Children and youth are disproportionately affected by the environmental problems that afflict informal settlements in the global South, but they are rarely given a voice in the urban planning and management processes that affect their lives. As a result, children’s needs are often ignored or misconstrued, and interventions risk being ill-designed and poorly implemented.

The purpose of my field research was to illustrate the value of including children in the participatory research. My goal was not only to learn more about children’s experiences, but also to show what children have to contribute when given a chance, and how much they understand the issues facing their communities.

In Kampala, I worked with three groups of children between the ages of 9 and 12, in three different parishes in the Focus Cities project community. I wanted to give them an opportunity to share how they experience the environmental issues in their communities. Children will tell you very directly what’s going on. They’re not politically motivated and don’t censor themselves.

The three parishes reflected a socio-economic range, as well as a range in severity of the environmental challenges in the city. Kampala is situated on a series of hills. The poorest people tend to live in the valley bottoms, which are often wetlands. Higher up the hills, the socio-economic bracket is higher, and the housing and environmental conditions are markedly different.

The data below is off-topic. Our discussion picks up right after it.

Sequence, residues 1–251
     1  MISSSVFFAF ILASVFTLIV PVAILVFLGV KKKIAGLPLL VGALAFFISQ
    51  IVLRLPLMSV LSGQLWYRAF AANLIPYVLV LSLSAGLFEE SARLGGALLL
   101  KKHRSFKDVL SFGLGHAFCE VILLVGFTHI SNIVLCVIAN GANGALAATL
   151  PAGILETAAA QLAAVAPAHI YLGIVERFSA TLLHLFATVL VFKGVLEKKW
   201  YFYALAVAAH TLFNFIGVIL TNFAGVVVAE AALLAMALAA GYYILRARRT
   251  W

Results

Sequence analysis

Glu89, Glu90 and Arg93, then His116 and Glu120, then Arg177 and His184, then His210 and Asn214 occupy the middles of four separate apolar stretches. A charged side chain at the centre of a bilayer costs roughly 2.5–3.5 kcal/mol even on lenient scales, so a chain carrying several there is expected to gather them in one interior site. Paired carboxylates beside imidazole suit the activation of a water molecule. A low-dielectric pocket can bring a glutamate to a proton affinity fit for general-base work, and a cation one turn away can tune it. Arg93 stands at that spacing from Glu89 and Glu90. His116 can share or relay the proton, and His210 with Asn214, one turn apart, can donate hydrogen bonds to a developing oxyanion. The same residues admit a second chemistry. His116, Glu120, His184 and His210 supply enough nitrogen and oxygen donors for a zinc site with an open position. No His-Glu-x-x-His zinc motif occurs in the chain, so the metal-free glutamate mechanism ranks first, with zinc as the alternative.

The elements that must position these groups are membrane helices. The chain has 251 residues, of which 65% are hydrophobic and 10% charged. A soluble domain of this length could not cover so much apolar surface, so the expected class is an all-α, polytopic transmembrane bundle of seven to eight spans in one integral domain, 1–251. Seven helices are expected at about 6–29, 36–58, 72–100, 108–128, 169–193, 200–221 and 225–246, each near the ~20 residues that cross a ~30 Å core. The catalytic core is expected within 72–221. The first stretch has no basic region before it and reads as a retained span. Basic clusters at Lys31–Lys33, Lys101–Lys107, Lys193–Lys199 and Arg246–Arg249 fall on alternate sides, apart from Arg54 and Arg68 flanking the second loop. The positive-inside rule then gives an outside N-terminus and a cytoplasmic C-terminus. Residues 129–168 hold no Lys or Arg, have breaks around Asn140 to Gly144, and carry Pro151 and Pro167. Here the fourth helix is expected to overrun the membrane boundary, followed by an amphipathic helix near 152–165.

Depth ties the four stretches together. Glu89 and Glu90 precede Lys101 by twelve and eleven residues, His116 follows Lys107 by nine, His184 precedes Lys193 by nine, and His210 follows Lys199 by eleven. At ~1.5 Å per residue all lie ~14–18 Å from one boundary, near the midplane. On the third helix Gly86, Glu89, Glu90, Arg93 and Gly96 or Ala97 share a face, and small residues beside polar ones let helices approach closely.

In the region around Kampala in southern Uganda, there are two rainy seasons. But in 2007, it just seemed to rain all the time. In the low-lying areas where the low-income populations often live, the soil became saturated and severe flooding occurred repeatedly. Bwaise parish, located at the bottom of a valley, is always hardest hit. Children and adults wade through contaminated water full of raw sewage. Residents suffer from skin lesions, and there are frequent cholera outbreaks. Children are particularly vulnerable because their immune systems are not yet fully developed.